In the 1950s an anonymous author published her book A Woman in Berlin, in which the history of mass rapes perpetrated at the end of the Second World War by Red Army soldiers (white men) against German (white) women is described. Grbavica, directed by Jasmila Žbanić, tells the story of rapes perpetrated by Serbian men (white Christians) against Bosnian women (white Muslims) during the war in the former Yugoslavia. Stories of women from Vietnam, Bangladesh, Uganda, Rwanda, Sierra Leone, Peru, the Democratic Republic of Congo, Darfur and most recently Libya, Iraq and Syria (Henry 2016), victims of mass rapes perpetrated by men (white, black, Asian, catholic, orthodox, Muslim, atheist, old, young, unemployed, educated etc.) during armed conflicts, still wait to be told.
All the above-mentioned cases serve as examples of rape and other forms of sexual violence against women as strategies of war, and all of them are linked by the fact that the perpetrators are men. As Nicola Henry (2016: 44) agues, “rape is a product of warped (yet normalized) militarized hegemonic masculinity, which arguably is structurally embedded in pre-conflict gender inequality and unequal power relations”. Therefore, the model of toxic, violent masculinity, not ethnicity, social class, age, religion or nationality, should be taken into consideration when discussing the issue of sexual violence against women.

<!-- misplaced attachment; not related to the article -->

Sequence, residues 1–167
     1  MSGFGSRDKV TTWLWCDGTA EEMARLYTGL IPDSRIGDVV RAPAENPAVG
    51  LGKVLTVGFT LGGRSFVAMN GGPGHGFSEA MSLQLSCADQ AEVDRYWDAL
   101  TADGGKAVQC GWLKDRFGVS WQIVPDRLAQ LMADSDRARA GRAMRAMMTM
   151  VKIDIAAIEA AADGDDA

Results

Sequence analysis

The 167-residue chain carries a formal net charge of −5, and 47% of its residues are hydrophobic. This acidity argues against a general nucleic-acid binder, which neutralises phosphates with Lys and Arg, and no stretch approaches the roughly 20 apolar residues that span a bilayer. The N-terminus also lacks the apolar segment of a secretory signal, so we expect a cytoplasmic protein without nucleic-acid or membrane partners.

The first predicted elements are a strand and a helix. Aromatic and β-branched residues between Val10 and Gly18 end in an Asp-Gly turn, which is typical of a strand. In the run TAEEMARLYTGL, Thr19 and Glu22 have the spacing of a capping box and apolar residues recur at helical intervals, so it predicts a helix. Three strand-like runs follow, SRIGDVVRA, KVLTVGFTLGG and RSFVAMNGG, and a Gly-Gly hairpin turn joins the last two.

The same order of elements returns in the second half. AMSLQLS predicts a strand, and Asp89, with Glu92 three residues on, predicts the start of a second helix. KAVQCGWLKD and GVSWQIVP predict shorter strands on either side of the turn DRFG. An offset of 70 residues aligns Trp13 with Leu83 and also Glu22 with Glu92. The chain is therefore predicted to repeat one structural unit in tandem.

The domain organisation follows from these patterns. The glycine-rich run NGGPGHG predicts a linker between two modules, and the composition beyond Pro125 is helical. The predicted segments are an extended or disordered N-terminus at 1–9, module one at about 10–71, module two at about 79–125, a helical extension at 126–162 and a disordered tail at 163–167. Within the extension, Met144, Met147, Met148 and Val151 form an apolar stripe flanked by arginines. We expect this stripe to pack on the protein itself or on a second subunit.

But what do wartime rapes and the events of New Year’s Eve – when groups of men perpetrated acts of sexual violence against women not only in Cologne but also in Hamburg, Stuttgart, Helsinki, Kalmar and Zurich – have in common? A lot, apparently. There is evidence that the New Year’s attacks were part of an organised action: the same scenario took place at the same time in several different European cities and, according to witnesses from Germany, some perpetrators’ comments were inadequate to the level of German language typical for the majority of refugees. The hypothesis that the attacks were organised is shared by the German Justice Minister Heiko Maas. It not impossible that the attacks on women might have been organised by Daesh (ISIS) or other terrorists groups, who are currently engaged in war against Europe, and this is what might have happened:
Daesh (or other groups) has concluded that “classical” terrorist acts such as the recent attacks in Paris do not fulfill their purpose adequately as Europeans are not intimidated and refuse to link previous terrorist attacks with the influx of refugees. Therefore, they decided to use sexual violence as a strategy of war and managed to engage a tiny number of actual refugees in these actions in order to finally link them with terrorism.